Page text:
Coyotes Advance, Vindicated as Members of West’s New Elite

Keith Yandle Coyotes

(Icon SMI)

Oh how the mighty have fallen

It took one extra game and a lucky escape from a forty-minute, all-out assault on their defensive zone, but it’s official. The Phoenix Coyotes have completed the 2012 wholesale change of teams that make up the Western Conference elite. Gone are the perennial contenders and heavyweights – The Detroit Red Wings, San Jose Sharks and Vancouver Canucks all summarily eliminated this year in five games. The Chicago Blackhawks hung on for a sixth game, but they too joined their former elite colleagues last night, outplayed and outclassed by the Coyotes. Into the semi-finals now goes a motley crew of former troubled franchises and also-rans: The St. Louis Blues, Nashville Predators, Phoenix Coyotes and Los Angeles Kings.

predators game 1 2012 playoffs

The Coyotes joined the new class of the West featuring teams like the Nashville Predators(Don McPeak-US PRESSWIRE)

All of these teams, with the exception of L.A, have for several years dealt with uncertainty over their ownership situations, shoestring budgets, spotty attendance, and the inability of their increasingly promising rosters to accomplish anything major. Not any more. Now, at least two of these four teams are now going to make it to the Conference Final, and one to the Stanley Cup.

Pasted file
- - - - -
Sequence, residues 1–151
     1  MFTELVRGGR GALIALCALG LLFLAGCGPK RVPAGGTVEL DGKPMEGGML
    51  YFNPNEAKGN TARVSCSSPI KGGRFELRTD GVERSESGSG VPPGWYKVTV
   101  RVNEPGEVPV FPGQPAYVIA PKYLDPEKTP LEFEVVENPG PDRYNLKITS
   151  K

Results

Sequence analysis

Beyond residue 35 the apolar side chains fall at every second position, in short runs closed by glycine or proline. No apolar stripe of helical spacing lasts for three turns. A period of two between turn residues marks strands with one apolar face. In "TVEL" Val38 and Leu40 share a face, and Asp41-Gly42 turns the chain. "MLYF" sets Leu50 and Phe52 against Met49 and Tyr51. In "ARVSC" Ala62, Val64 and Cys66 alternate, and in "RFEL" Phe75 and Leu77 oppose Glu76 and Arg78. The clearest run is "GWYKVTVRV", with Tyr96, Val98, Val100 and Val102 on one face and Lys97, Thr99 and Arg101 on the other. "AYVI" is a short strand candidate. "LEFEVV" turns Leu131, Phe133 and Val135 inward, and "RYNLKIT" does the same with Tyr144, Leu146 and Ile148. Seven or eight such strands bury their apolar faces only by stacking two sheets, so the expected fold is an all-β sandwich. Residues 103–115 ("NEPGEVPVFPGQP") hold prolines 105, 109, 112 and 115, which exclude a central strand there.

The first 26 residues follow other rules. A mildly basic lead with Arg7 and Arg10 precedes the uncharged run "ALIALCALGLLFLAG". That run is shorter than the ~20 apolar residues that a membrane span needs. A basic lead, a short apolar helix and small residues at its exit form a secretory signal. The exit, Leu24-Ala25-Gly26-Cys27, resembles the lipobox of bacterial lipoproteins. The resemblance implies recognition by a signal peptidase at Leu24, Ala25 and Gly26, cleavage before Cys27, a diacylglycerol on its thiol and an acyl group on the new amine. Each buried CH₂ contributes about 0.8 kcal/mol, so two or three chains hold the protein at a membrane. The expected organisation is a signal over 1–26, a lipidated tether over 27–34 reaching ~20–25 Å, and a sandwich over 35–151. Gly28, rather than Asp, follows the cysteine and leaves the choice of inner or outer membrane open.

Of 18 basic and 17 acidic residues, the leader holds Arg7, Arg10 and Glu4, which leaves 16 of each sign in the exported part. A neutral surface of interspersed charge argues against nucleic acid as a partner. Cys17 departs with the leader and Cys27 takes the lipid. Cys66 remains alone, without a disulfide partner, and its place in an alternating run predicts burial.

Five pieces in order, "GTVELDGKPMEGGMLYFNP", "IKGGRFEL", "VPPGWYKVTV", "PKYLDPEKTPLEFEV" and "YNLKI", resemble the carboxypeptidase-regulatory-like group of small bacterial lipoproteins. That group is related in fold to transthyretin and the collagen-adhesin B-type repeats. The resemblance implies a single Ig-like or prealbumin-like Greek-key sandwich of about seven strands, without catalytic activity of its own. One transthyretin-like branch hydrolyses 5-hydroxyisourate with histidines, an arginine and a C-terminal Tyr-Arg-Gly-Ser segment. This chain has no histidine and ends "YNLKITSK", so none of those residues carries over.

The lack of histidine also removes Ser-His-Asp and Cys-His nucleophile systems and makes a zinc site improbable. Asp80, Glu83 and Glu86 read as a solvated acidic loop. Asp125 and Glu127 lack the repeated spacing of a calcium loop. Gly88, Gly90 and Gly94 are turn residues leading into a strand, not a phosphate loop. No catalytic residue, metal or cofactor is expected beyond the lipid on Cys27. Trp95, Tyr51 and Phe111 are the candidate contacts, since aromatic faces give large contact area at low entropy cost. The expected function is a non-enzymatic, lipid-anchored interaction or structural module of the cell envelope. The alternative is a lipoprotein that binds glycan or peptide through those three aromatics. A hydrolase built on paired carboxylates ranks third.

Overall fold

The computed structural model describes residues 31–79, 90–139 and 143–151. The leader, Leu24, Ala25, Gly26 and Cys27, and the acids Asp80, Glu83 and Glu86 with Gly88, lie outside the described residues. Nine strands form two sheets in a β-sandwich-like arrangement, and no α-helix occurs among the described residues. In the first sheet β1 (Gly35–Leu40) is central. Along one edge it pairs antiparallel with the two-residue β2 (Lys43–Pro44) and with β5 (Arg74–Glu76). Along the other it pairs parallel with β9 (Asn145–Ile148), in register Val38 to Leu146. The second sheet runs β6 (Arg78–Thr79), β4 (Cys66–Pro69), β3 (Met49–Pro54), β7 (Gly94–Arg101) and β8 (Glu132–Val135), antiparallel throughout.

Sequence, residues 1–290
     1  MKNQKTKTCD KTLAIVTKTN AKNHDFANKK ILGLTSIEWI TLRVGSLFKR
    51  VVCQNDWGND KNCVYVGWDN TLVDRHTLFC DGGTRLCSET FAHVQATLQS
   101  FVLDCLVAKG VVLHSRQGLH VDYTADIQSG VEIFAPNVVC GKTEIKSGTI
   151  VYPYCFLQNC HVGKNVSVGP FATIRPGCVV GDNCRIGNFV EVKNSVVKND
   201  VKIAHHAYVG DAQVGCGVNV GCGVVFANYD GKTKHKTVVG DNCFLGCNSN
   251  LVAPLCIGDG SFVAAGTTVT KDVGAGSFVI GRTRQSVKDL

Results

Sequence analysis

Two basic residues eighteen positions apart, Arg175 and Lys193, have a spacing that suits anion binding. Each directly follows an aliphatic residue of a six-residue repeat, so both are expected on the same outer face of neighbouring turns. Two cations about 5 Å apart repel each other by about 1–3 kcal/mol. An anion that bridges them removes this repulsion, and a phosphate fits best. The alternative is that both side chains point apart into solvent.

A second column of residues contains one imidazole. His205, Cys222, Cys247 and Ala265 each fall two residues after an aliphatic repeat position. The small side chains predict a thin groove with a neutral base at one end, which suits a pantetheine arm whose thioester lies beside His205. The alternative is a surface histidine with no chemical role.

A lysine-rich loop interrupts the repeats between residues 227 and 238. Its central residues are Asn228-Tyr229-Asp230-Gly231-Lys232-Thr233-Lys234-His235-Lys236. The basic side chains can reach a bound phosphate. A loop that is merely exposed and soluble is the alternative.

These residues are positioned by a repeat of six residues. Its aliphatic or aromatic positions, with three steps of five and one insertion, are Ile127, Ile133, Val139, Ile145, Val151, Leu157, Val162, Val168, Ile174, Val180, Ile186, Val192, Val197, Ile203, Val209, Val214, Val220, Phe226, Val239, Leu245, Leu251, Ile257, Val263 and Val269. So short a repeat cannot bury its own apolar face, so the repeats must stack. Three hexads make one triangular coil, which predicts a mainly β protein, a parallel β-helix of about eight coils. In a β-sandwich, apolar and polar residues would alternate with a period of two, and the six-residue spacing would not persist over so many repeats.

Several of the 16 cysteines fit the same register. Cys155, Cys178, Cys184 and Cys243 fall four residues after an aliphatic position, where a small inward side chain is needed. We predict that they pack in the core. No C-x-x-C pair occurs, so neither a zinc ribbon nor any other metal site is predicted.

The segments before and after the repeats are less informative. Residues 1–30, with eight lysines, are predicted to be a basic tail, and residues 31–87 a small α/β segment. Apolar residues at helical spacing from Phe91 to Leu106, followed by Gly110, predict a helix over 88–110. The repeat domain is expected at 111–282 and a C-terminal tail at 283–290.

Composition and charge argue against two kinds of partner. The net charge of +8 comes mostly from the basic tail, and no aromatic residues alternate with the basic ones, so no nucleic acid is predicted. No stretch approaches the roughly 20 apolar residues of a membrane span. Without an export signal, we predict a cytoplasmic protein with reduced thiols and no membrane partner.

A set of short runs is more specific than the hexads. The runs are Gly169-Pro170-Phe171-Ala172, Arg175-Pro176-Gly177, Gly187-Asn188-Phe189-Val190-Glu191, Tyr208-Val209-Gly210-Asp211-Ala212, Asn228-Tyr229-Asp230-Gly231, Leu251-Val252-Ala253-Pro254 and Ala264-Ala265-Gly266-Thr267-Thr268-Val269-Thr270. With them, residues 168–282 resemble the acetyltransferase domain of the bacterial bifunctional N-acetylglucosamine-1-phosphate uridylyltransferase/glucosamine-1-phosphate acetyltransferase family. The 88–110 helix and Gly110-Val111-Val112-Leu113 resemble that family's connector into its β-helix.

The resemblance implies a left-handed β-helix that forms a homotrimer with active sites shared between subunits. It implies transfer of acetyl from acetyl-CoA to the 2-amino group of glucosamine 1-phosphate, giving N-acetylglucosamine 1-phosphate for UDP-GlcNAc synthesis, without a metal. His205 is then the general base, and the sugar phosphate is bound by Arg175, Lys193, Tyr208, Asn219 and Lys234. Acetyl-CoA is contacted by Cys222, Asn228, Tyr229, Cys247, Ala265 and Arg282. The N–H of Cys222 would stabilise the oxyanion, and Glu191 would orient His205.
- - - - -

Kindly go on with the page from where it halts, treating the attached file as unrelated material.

And even though two unlucky ones will not see past this 2nd round euphoria, this represents radical change. The surprising outcomes of the four first round matchups have, of course, the same end result as nail-biters that end with game 7 OT winners: advancing to the next round. But the quick settling of the first round in the West means the four teams that had everything to prove have already proved plenty.

The Kings’ suffocating checking and stringent defence all but shut down the Canucks’ reliable and flashy marquee offence. After coughing up a rough double OT loss to the playoff-veteran Sharks, St. Louis’ went back to their game of team-first defence and goal tending-led poise and had the rest of answers for the San Jose squad. Detroit, with its roster full of Hall of Fame names which evoke the team’s endless successful playoffs of yore, looked old and tired for the first time against powerhouse Nashville. They still managed to be competitive and tenacious but were killed by their own pop-gun offence and back-breaking goals let in by Jimmy Howard, both very uncharacteristic for that team.